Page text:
We sequenced telomeres by the C-tailing method using the 5’ GTTCTCAGAAATTCT TCATTCGTAG-3’ [C-tail primer] and the unique telomere-proximal X-class primer 5`-GAGTTGGATACGGG TAGTTGG-3’ that shares homology with 13 termini . Sequencing was carried out by Fasteris, Inc. [https://www.fasteris.com].
MRE11 and mre11A470T telomere tract lengths were measured by gel electrophoresis of XhoI sensitive cleavage Y’ elements that are 870 bp proximal to the telomere. The lengths were 300 bp and 150 bp, respectively, in Y’ and X  classes and packaged in telomere chromatin particles, termed telosomes [Fig 1]. After MNase treatment of chromatin, wild-type cells protect a telosome DNA fragment of 400–600 bp, as reported . In contrast, the mre11A470T allele telosome is more resistant to MNase and protects a more diffuse pattern of subtelomeric sequences [100–900 bp]. Quantifying the signals leads to the conclusion that the mre11A470T telosome is present at maximal abundance after 240 secs of digestion, rather than 140 secs for wild-type telomeres. These data indicate that the telosome extends into subtelomeric sequences.
The mre11A470T allele is more resistant than wild type to MNase. In the mre11A470T allele, extended times of digestion are required to reach the point of telosome release from chromatin. These data imply that the structure or folding of Mre11A470T and associated proteins protect telosomes from digestion. The delay in cleavage of mre11A470T chromatin is not a consequence of short telomeres, since yku70Δ telosomes has a wild-type level of resistance [Fig 1B]. In contrast, the mre11 null allele confers a variety of chromatin structures from wild type to mutant, and may reflect multiple states of the telosome in the absence Mre11. As expected, DNA isolated from the chromatin fraction gave rise to the initial telomere sizes [S2 Fig].
A change in the relative position of the telomeres may be the consequence of Mre11A470T-induced changes in the TLC1 telomerase RNA template region. The telomere sequence could be altered or constrained in the mutant strain. We therefore sequenced multiple independent clones of both wild type and mre11A470T strains. However, we find no changes in sequence or sequence structure]. The sequences of both the wild-type, [S3 Fig] and mre11A470T DNA [S4 Fig], vary between subclones, but follow the yeast consensus sequence G1-3T. Wild-type telomeres were conserved in the first 150 bp sequences distal to the terminus, but varied significantly in the terminal half due to deletions and sequence mismatches.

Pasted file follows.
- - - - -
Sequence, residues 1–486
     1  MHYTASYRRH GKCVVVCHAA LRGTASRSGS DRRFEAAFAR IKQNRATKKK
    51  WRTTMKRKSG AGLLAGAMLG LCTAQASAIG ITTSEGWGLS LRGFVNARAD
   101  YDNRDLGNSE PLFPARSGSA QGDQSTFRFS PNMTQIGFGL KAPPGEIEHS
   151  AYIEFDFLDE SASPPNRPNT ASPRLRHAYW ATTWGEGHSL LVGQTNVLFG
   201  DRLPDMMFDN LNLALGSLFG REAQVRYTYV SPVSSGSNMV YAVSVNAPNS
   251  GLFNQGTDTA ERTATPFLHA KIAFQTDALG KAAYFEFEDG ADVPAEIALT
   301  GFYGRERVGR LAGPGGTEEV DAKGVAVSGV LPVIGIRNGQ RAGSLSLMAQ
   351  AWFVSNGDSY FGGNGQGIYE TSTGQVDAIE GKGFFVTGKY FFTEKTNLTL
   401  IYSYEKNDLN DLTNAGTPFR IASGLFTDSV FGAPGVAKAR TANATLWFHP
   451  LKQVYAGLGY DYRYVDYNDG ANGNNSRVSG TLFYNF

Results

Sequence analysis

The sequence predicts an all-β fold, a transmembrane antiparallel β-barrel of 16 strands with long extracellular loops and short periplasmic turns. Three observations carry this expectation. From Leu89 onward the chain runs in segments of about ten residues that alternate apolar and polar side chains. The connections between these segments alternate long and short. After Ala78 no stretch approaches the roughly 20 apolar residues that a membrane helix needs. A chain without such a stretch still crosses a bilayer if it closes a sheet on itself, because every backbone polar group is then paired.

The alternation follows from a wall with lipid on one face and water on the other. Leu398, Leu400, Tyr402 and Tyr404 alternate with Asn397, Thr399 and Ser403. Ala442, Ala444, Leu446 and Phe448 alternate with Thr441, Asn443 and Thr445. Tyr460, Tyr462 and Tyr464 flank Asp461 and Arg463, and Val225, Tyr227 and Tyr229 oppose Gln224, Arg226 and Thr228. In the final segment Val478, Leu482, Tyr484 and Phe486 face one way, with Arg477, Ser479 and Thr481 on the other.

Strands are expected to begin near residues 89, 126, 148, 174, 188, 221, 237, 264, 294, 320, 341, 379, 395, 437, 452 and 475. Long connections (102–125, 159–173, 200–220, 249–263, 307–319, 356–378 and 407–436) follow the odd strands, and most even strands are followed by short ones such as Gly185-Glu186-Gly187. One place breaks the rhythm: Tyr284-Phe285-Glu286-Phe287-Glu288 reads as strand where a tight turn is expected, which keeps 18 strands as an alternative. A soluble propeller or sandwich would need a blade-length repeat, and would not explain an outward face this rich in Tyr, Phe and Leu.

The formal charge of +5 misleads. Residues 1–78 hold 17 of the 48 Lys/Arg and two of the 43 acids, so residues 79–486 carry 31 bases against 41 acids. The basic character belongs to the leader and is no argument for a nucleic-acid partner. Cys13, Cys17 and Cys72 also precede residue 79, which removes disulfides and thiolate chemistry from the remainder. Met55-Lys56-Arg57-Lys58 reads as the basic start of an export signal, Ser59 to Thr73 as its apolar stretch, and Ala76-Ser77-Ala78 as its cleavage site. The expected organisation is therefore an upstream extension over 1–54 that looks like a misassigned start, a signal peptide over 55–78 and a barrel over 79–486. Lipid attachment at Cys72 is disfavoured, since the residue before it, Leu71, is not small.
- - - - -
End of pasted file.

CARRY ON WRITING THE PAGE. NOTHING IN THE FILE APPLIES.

To determine whether the Mre11 and Mre11A470T proteins are capable of binding to the telosome, we conducted a simple chromatin immunoprecipitation [ChIP] analysis using excess Mre11 and Mre11A470T ] [Fig 2A, top]. Mre11 proteins were present as intact species of known size [80 kD] after Western analysis using the monoclonal antibodies directed against a C- terminal peptide of Mre11 [Abcam]. We crosslinked proteins in strains containing MRE11 or mre11A470T alleles, and we immunoprecipitated cellular extracts with the same anti-Mre11 antibody. After elution, de-crosslinking, and protease treatment, a DNA was released that could support the PCR amplification of a 200 bp product at the junction between the X element and telomeric sequences. This fragment is maintained within the telosome, based on telomere size analysis. The mre11Δ allele, on the other hand, generated no protein species or amplified DNA after ChIP analysis [Fig 2B]. These binding data reinforce that both Mre11 and Mre11A470T proteins are a part of the telosome.
To estimate the relative binding of Mre11 and Mre11A470T to the telosome at X class telomeres, we performed real-time qPCR ChIPs [Fig 2C]. DNA isolated from chromatin that was immunoprecipitated by anti-Mre11 [ABCAM] in MRE11, mre11A470T, or mre11Δ extracts. The immunoprecipitated DNA was subject to real-time PCR to quantify the 200 bp junctional fragment [as a proxy for telomeres] using the same PCR primers as described above. We found a 3-4-fold increased abundance of telosomes containing wild-type Mre11 over Mre11A470T from wild-type and mre11A470T cells.